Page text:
It should be stressed that the US administration are not sitting on their hands and waiting to see how things develop, but are also taking steps to deal with the problem. At the end of December 2017, Donald Trump, President of the United States, issued the Executive Order "A Federal Strategy to Ensure Secure and Reliable Supplies of Critical Minerals". Section 3 (Policy) of the Order reads: „It shall be the policy of the Federal Government to reduce the Nation’s vulnerability to disruptions in the supply of critical minerals, which constitutes a strategic vulnerability for the security and prosperity of the United States. The United States will further this policy [...] by: (a) identifying new sources of critical minerals; (b) increasing activity at all levels of the supply chain, including exploration, mining, concentration, separation, alloying, recycling, and reprocessing critical minerals; (c) ensuring that our miners and producers have electronic access to the most advanced topographic, geologic, and geophysical data within U.S. territory [...] (d) streamlining leasing and permitting processes to expedite exploration, production, processing, reprocessing, recycling, and domestic refining of critical minerals”. Following this Order, the U.S. Geological Survey (USGS) developed and published in May 2018 a list of 35 minerals deemed critical to U.S. national security and the economy.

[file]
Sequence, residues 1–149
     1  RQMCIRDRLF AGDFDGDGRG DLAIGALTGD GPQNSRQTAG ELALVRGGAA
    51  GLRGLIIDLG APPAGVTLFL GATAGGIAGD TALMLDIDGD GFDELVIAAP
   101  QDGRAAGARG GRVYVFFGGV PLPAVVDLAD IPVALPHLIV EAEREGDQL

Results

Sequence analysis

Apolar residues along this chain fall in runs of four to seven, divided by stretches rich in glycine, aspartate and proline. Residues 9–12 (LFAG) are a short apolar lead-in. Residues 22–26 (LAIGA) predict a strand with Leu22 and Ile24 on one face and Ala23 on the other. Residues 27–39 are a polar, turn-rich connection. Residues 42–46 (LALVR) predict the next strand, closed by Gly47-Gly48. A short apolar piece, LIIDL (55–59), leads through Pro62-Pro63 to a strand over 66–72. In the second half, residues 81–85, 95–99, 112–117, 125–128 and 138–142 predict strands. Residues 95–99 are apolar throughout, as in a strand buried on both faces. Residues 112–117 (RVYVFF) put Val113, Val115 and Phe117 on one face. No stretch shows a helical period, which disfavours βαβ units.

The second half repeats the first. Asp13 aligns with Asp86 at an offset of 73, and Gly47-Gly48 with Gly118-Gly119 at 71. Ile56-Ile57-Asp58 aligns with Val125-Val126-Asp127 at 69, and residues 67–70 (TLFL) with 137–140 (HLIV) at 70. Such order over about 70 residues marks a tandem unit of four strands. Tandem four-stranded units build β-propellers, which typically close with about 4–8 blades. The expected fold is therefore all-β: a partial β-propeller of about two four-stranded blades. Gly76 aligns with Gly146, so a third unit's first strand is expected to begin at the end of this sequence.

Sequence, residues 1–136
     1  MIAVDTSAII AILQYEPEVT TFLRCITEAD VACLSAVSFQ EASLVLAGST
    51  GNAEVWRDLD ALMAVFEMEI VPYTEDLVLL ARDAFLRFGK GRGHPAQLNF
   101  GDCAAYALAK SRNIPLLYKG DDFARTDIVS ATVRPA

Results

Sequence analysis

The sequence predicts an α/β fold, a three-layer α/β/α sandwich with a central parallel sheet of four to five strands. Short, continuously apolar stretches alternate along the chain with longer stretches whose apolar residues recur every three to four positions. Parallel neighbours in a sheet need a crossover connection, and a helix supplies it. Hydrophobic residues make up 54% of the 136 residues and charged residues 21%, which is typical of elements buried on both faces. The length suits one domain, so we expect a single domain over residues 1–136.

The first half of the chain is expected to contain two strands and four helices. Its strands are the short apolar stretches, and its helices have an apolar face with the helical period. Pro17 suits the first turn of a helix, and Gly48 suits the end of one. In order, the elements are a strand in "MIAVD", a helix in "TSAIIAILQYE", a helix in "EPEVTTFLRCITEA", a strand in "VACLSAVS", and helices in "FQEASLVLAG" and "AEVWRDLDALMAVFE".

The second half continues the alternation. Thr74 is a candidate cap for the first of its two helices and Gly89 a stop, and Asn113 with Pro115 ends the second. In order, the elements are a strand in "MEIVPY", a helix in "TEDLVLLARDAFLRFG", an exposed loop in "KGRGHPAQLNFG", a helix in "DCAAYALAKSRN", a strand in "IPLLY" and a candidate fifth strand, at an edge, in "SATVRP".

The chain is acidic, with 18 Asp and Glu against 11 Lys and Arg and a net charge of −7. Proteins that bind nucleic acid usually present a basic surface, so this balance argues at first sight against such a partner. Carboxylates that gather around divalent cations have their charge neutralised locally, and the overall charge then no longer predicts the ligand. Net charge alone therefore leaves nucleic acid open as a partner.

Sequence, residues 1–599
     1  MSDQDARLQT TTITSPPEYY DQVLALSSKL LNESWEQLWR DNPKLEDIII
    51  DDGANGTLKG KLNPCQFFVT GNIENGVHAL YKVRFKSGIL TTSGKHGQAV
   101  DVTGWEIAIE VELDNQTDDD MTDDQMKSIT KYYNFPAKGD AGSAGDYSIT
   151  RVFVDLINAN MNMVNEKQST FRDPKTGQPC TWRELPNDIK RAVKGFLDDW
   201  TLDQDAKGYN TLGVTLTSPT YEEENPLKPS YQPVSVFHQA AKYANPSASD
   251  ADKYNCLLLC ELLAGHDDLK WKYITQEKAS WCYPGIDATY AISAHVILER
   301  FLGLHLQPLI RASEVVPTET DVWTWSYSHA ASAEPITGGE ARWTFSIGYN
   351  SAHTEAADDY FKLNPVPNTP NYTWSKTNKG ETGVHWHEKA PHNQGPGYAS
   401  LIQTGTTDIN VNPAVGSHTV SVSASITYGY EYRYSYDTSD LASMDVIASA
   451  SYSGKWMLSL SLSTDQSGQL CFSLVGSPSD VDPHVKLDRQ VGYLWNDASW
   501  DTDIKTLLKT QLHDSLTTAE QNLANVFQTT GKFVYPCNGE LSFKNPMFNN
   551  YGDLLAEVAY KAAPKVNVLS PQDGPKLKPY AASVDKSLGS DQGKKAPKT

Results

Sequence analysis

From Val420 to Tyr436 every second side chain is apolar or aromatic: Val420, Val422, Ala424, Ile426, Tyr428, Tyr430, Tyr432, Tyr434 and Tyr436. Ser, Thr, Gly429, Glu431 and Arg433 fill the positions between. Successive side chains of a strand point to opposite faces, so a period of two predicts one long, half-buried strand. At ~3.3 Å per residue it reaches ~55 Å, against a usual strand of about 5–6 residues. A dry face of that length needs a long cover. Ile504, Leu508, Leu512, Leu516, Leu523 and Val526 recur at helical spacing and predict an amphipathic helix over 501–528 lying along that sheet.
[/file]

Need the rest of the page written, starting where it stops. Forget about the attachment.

The full list of the most important minerals includes the following elements: click on the name of the mineral to find relevant statistics and publications:

  • Aluminum (bauxite), used in almost all sectors of the economy
  • Antimony, used in batteries and flame retardants
  • Arsenic, used in lumber preservatives, pesticides, and semi-conductors
  • Barite, used in cement and petroleum industries
  • Beryllium, used as an alloying agent in aerospace and defense industries
  • Bismuth, used in medical and atomic research
  • Cesium, used in research and development
  • Chromium, used primarily in stainless steel and other alloys
  • Cobalt, used in rechargeable batteries and superalloys
  • Fluorspar, used in the manufacture of aluminum, gasoline, and uranium fuel
  • Gallium, used for integrated circuits and optical devices like LEDs
  • Germanium, used for fiber optics and night vision applications
  • Graphite (natural), used for lubricants, batteries, and fuel cells